Expanding Scope to Serve the Digital Learning Landscape

Jill Buban | Senior Director of Research and Innovation, Online Learning Consortium

The EvoLLLution | Expanding Scope to Serve the Digital Learning Landscape
As digital education continues to grow in popularity and impact, it’s critical for research into digital learning practices and trends to keep up to facilitate the continued advance of the space—that’s where the OLC’s Research Center for Digital Learning and Leadership comes in.

In early October, the Online Learning Consortium announced its launch of the Research Center for Digital Learning and Leadership, which aims to advance digital teaching and learning through timely delivery of research. According to OLC CEO Kathleen Ives, the OLC Research Center will allow the association to continue their work in curating digital learning resources while also diving into the world of original research. In this interview, Jill Buban expands on some of the reasons behind launching the OLC Research Center and reflects on what it’s going to take to make it a long-term success.

The EvoLLLution (Evo): Why did the OLC decide to launch its new Research Center for Digital Learning and Leadership?

Jill Buban (JB): In 2015, OLC recognized that there was a need for the field to have a centralized place for research and practitioner-based resources—a go-to location that would make research more accessible to the greater digital learning community. I was brought on board later that year to conceptualize and create the Research Center. The title, the OLC Research Center for Digital Learning and Leadership recognizes the organization’s focus not only on digital learning but also recognizing the role of the leader in this field and the growing body of literature and research that focuses on this role, which often times faces unique challenges.

Prior to the launch of the Center, we recognized that the global landscape for digital learning research is vast and set forth a goal of centralizing resources for researchers and practitioners who seek information on topics related to digital learning trends, innovations, and effective practices in the field, as well as conducting new research and commissioned research. So not only providing curated resources but also original research.

Many people don’t realize that we’ve been a leader in this area for over 20 years with our peer-reviewed academic journal, Online Learning (formerly the Journal of Asynchronous Learning Networks). Moving forward, there is a unique opportunity for the Research Center and Online Learning to work collaboratively and to provide different ways for researchers and practitioners to present their research to the field.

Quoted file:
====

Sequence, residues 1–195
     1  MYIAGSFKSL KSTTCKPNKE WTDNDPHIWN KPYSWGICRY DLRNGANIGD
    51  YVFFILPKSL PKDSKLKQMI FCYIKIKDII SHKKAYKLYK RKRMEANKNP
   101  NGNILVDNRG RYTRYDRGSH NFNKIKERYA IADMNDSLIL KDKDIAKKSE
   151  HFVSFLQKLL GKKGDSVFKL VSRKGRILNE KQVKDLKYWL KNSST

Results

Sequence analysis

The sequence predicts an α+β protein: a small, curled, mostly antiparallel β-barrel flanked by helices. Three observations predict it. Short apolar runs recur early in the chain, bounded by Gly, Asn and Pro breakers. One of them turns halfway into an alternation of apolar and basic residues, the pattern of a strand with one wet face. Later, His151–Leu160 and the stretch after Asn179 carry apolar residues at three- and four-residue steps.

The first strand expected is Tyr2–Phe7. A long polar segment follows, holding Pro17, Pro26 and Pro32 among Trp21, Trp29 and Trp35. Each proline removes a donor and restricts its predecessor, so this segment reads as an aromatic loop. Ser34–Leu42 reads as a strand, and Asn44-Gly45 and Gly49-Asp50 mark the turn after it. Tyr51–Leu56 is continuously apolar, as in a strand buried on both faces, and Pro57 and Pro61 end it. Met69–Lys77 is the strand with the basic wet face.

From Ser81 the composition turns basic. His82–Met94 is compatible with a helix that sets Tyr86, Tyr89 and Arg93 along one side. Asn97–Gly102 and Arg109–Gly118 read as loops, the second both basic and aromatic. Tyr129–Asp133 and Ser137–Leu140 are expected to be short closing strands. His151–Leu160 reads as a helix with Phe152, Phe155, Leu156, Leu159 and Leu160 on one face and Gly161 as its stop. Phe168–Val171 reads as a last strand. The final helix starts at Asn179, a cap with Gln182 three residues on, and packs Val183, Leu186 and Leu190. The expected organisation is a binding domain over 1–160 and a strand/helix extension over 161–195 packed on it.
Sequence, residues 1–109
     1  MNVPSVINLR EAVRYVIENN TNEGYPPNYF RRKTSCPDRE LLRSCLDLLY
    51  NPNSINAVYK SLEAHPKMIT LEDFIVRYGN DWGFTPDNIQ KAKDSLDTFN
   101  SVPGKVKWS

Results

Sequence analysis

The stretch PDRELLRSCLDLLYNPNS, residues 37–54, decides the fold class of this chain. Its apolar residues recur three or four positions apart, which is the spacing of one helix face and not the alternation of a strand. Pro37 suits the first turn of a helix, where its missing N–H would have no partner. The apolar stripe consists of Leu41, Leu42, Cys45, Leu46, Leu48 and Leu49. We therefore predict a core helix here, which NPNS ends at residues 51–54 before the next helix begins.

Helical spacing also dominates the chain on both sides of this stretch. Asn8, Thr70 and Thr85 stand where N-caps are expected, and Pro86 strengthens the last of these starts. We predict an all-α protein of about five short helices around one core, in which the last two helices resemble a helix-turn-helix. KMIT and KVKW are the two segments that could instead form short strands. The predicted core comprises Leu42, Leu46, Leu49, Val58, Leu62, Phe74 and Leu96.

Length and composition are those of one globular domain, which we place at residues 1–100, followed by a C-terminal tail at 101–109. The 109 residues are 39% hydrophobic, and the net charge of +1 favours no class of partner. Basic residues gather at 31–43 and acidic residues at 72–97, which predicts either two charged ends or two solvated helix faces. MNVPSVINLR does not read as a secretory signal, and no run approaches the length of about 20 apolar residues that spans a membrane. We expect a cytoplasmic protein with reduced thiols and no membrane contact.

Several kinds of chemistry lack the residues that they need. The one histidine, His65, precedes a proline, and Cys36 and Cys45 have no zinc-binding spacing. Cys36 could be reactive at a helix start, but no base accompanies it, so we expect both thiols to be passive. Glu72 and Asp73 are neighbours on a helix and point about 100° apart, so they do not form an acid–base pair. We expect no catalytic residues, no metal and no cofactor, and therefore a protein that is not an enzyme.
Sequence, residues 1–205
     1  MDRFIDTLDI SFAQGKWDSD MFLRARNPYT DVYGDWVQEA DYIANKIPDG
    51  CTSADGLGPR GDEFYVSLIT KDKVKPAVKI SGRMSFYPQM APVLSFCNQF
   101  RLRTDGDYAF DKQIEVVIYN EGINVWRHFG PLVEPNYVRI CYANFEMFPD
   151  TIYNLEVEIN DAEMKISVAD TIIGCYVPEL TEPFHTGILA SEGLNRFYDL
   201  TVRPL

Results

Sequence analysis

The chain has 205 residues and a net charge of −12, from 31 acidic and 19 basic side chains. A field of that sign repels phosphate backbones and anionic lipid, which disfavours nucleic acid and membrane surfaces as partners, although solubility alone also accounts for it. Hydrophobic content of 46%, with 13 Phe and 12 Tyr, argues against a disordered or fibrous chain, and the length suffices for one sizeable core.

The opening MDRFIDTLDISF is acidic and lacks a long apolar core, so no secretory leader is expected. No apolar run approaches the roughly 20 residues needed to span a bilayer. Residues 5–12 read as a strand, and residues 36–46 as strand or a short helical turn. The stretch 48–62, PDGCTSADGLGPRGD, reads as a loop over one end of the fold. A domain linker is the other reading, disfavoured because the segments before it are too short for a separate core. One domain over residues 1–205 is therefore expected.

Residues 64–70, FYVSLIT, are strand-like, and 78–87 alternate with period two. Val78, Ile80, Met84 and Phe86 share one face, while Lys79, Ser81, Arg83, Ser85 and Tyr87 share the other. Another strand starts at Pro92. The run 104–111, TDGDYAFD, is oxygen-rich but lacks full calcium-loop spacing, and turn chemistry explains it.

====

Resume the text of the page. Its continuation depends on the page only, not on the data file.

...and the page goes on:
Evo: What are some of the central focus areas the Center will look into?

JB: Our research studies, white papers, journal articles and other resources including webinars, podcasts and publications are categorized into five different focus areas: teaching & learning, instructional/learning design, leadership, digital learning, and annual reports. Later this fall, we will release the sixth area: quality.

In addition to these focus areas, we feature the AERA Online Teaching and Learning SIG newsletter which is made possible through a collaboration with AERA. All of the resources in the Center are either original research that has been conducted through commissioned, sponsored, or institutional collaborations; curated research that is made possible through collaborations with a variety of institutions and organizations; curated articles from OLC’s peer-reviewed journal, Online Learning, or resources that supplement research in these six areas.

Evo: How do you hope the Research Center for Digital Learning and Leadership will impact the evolving postsecondary landscape?

JB: The hope is that the Research Center will transform teaching and learning in the digital learning landscape through the dissemination of research throughout the field.

In collaboration with this dynamic community, the Research Center will further knowledge of the field, create collaborative networks among like-minded professionals, and provide original, evidence-based, and theoretical–based research.

In doing so, the Research Center has the potential to greatly impact teaching, learning, design, and leadership practices, as well as provide a greater understanding of digital learning to the collective postsecondary landscape.

Evo: What will it take to ensure the Research Center itself is a long-term and viable success?

JB: The long-term and viable success of the Research Center depends on the continued support of the Research Center’s advisory council, the support and collaboration with institutions and organizations, and of course, funding through commissioned research and grant opportunities.